While not too long ago Kia dealerships were small and often either combined with other brands or located out of the way, near used lots, the brand is now likely to be found in high-visibility spots, with large, standalone facilities. To solve a teething issue last year—that its dealerships weren't always in prime locations or in the best facilities—Kia launched an effort to recruit Saturn franchisees and in some cases Saturn facilities; GM's decision to abandon Saturn made many of the former brand's facilities—and franchise owners—available and open to selling Kias.
John Crowe, Kia Motors vice president, service, said that in a number of places the Saturn showroom conquests worked out perfectly, as they were mostly newer, larger facilities in prime spots.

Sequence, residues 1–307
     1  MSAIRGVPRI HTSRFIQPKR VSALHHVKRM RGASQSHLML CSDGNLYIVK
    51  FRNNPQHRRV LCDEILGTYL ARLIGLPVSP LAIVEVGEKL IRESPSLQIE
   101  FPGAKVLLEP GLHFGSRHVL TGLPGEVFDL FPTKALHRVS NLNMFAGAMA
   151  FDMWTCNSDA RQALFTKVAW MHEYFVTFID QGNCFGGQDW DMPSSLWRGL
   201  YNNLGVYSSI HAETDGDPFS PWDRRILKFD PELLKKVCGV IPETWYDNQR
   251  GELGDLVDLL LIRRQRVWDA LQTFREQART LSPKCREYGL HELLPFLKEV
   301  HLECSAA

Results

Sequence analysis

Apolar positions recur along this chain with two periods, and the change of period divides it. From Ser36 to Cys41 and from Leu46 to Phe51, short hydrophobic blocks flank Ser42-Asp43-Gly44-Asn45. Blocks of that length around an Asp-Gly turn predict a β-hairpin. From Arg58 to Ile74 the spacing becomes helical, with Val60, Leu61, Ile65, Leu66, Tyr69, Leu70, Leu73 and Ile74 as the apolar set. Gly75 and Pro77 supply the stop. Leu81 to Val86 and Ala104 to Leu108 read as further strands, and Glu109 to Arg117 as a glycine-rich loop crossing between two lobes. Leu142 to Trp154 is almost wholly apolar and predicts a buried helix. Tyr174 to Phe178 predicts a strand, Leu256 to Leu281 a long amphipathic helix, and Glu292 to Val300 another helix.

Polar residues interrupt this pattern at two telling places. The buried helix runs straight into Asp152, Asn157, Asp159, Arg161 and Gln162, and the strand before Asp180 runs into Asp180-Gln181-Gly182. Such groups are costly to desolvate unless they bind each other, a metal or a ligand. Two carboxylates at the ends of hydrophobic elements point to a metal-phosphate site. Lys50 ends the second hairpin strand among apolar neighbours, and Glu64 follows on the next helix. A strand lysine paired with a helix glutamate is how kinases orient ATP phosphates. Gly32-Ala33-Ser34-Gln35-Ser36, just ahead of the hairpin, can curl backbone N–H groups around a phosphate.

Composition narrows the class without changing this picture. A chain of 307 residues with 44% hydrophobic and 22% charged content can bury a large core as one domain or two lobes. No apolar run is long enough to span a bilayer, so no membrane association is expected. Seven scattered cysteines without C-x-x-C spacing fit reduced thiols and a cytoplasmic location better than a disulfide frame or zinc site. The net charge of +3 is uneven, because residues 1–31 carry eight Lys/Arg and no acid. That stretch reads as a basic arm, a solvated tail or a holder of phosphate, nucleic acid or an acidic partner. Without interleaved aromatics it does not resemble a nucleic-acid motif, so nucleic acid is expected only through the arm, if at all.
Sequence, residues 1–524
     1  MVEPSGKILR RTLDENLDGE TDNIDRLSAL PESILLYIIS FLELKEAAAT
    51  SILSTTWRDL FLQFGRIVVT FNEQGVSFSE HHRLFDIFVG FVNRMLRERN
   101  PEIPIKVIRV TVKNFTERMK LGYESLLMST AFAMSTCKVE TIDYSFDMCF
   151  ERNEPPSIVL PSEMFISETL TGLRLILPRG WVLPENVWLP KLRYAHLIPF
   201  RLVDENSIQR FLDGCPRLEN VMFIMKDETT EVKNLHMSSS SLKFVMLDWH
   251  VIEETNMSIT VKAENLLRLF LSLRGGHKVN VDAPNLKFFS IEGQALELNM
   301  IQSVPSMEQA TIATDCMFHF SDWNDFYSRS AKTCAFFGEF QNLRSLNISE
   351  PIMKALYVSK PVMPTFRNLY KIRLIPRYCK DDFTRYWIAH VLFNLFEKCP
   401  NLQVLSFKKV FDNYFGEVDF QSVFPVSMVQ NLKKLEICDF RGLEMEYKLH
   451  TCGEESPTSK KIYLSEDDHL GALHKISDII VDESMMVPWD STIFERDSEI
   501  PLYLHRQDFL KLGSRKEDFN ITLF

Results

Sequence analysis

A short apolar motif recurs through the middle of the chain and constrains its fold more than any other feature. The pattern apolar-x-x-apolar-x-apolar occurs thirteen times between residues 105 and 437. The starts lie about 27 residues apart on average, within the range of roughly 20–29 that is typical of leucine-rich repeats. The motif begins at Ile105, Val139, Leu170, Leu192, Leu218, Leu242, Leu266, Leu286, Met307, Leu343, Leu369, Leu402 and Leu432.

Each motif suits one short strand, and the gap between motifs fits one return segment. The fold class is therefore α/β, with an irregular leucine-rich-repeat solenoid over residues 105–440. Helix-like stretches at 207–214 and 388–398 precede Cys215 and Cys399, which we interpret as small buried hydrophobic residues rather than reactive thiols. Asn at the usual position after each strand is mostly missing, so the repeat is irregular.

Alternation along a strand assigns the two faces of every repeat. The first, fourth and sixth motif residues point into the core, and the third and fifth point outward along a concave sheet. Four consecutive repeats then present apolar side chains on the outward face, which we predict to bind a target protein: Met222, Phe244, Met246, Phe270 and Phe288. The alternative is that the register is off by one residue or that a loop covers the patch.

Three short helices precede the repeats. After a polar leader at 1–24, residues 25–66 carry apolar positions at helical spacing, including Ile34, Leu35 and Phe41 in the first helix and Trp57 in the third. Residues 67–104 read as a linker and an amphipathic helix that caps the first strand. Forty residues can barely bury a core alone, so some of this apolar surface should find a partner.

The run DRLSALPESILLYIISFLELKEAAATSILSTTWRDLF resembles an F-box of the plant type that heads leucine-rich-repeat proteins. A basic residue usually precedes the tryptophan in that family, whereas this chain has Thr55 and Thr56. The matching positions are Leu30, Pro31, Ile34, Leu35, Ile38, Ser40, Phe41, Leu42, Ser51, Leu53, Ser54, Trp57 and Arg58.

Kia has been adding dealerships so rapidly that the brand's total number of U.S. dealerships has shot up from the 500 range to well over 700 in just two years. And while the number of U.S. new-car dealerships dropped at a record rate, with 258 closing in the first half of the year, Kia was among just a few automakers to open showrooms.
Crowe says that there are still a few dealerships that have been with Kia since back in the days of the Sephia, and the brand has done its best to bring them up as the brand has ascended.